This artist's concept shows how a normal spiral galaxy around our local universe (left) might have looked back in the distant universe, when astronomers think galaxies would have been filled with larger populations of hot, bright stars (right).
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Galaxies Near and Far (Artist's Concept)

This split view shows how a normal spiral galaxy around our local universe (left) might have looked back in the distant universe, when astronomers think galaxies would have been filled with larger populations of hot, bright stars (right).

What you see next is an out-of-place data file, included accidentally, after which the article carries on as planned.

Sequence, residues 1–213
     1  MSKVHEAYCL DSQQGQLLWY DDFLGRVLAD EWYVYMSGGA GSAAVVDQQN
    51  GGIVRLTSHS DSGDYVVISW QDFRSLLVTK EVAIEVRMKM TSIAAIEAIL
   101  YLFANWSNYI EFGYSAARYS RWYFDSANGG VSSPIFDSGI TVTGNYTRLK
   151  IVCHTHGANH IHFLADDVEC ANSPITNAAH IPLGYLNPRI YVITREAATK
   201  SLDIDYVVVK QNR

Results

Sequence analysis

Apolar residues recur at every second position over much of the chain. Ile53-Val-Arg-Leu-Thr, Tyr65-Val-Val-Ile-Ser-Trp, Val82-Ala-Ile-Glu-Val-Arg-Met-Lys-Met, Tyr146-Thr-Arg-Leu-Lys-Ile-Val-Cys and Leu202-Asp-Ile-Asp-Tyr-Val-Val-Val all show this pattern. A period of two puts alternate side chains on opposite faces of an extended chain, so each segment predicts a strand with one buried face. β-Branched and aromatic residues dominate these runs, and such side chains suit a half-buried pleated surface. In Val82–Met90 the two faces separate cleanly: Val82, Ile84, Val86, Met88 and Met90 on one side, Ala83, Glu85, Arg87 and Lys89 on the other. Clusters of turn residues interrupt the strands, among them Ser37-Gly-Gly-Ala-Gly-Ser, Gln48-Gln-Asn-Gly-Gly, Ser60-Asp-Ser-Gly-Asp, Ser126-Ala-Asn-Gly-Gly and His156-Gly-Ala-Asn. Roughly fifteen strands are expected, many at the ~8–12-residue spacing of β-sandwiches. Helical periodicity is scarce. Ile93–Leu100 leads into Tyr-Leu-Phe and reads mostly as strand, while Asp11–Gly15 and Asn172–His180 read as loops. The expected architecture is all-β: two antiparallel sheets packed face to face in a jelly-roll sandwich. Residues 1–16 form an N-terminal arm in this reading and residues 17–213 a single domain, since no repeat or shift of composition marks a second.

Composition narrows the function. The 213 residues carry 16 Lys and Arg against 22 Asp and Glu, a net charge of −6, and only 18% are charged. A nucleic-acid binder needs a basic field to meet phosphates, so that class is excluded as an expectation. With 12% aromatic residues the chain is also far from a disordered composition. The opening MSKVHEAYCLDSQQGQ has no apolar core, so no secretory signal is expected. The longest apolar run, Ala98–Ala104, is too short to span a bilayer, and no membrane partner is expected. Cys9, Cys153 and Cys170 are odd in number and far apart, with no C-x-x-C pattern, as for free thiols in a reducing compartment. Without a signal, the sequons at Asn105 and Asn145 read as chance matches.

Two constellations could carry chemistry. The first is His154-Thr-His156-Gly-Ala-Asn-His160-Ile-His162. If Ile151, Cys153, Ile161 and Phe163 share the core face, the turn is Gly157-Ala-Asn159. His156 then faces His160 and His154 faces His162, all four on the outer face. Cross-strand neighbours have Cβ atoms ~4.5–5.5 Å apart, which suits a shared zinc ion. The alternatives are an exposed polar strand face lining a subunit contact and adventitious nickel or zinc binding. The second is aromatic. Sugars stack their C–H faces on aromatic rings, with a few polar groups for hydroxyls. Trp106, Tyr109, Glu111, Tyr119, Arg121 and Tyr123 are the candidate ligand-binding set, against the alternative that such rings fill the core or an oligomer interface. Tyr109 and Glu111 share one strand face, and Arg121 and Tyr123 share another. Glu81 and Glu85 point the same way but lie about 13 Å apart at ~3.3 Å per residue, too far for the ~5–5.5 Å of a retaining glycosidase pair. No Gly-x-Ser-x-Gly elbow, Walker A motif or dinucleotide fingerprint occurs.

NASA's Spitzer Space Telescope discovered that distant populations of galaxies formed massive, bright stars more commonly than today's "diet-conscious" galaxies. Such early galaxies would have been brighter, bluer and more irregular than spiral galaxies today due to the large proportion of massive stars.

The Spitzer observations also demonstrate that these distant galaxies fed off steady streams of gas, rather than bursts of gas stirred up from collisions with other galaxies.

This artist's rendering is derived from the Hubble image of NGC 1309.

Image details

ID#:
PIA14107

Date added:
2011-06-30

Mission:
Spitzer Space Telescope

Size:
3500 x 2700 pixels (width x height)

Rating:



Views:
9,654

Full-Res TIFF:
PIA14107.tif (28.35 MB)

Full-Res JPG:
PIA14107.jpg (0.68 MB)

Image credit:
NASA/JPL-Caltech/STScI